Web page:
My thoughts on Camouflage

Punty

Well-Known Member
I agree with most everything in the article, especially the notion that "camouflage is a function of environment"....I have always said this...that a plain old white undershirt is camouflage if you are standing in front of a white wall.

One thing I would mention, is that camouflage is often considered covering what you are trying to hide in branches and brush. Well, that is excellent camo for a very brief time. As soon as the leaves begin to droop, or the evergreens start to go brown, your camouflage is suddenly an object that draws attention to itself.

Another thing that a lot of people don't really grasp, is that the object of camouflage patterns, is to break up outlines. Ruin the silhouette, as much as it is to blend in the environment.

Lastly, I think that an often underestimated aspect of camouflage, is that the weakest link in any camouflage, wehter it be clothing, or behavioral, is the eyes. Hunters know that animals will spook if they see eyes. The mind is programmed to register a face, or eyes, even when there is no face or eyes there, such as in clouds or knots in a board....we are hardwired to acknowledge a face...the best camo clothing, and the best behavioral camouflage in the world can be betrayed by someone noticing you looking their way.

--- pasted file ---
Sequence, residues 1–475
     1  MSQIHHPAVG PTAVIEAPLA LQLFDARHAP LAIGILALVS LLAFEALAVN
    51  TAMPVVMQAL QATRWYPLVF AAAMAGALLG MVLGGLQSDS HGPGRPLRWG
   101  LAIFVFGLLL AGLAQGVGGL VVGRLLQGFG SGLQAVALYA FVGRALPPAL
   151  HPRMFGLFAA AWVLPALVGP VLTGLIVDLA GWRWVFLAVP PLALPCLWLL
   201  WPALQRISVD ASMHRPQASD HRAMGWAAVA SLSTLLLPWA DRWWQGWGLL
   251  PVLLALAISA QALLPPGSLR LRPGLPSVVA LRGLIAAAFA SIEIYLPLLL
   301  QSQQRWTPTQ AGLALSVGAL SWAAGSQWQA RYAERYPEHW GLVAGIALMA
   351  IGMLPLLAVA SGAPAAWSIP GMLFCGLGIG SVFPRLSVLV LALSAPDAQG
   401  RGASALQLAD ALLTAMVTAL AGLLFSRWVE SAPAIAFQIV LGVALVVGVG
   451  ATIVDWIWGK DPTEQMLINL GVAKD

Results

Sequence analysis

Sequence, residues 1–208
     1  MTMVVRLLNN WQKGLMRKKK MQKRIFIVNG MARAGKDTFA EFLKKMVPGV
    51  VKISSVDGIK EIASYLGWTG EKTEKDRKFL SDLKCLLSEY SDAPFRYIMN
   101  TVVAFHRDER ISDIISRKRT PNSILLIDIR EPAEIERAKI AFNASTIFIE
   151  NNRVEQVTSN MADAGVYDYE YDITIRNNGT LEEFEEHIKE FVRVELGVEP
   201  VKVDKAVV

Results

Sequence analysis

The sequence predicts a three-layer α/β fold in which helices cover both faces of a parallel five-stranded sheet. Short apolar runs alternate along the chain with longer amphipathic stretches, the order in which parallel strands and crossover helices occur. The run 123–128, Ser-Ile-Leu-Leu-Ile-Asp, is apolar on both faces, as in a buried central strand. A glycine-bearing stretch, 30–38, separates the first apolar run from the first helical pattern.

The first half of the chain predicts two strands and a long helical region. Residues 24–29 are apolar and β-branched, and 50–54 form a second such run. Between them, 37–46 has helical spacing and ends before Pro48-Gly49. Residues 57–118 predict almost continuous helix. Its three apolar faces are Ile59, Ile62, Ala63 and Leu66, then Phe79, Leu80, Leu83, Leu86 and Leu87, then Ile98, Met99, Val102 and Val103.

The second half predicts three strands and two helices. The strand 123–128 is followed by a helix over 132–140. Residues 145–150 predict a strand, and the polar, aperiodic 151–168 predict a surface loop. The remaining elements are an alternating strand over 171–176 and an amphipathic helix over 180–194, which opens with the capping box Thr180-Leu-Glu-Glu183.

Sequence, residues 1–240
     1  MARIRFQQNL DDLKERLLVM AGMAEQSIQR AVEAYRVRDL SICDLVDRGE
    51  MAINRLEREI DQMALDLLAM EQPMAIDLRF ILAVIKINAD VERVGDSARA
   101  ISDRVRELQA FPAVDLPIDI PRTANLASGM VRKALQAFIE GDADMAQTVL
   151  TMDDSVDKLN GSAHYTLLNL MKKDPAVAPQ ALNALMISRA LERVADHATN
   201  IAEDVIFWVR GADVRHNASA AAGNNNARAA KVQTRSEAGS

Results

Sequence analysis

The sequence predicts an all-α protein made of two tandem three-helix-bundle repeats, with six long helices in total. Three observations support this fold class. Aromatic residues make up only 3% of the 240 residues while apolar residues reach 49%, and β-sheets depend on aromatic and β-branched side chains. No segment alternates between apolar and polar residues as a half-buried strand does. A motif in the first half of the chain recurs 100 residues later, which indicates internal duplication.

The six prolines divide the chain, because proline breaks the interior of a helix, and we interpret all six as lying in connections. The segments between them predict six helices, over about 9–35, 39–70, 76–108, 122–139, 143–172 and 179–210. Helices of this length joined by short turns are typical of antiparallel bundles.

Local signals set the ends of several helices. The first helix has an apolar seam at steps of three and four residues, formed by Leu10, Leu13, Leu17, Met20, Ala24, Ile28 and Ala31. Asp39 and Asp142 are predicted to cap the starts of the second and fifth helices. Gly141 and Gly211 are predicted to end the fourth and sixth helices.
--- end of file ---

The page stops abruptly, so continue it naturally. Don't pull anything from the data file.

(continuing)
Punty

Well-Known Member
Oh, and lastly...

In any situation where you want to be grey....and this was mentioned obliquely in the op-ed by Jerry....mostly you will probably want to look liek a beta, not an alpha. Don't look overly confident, because people will be drawn to that, or threatened by it. Don't look dangerous for the same reason. Look and act a bit confused, a bit nervous, and if you need to look around, try to appear as though you are trying to see what everyone else is doing so you can do it too....that gives you the excuse to assess everyone without looking too wolf like. Widen your eyes when you look around....look bewildered and nervous....but other than that, try not to look around at all other than where you are walking.

Remember what everyone else will be looking for...leaders and threats. Don't look like a leader or a threat.
 

Steverino

Active Member
I remember reading somewhere that military snipers are taught to not look at who they are stalking or avoiding, especially at close range... that there was some anecdotal evidence of something extra-sensory about it... literally spidey-sense like...

They were taught to look indirectly at targets and threats alike, using peripheral vision.
 

Atlas

Administrator
Staff member
I've heard this before, but have never seen it in writing. Having been stalked in the woods before, I can vouch for the feeling and could see how it would be best to avoid it.
 
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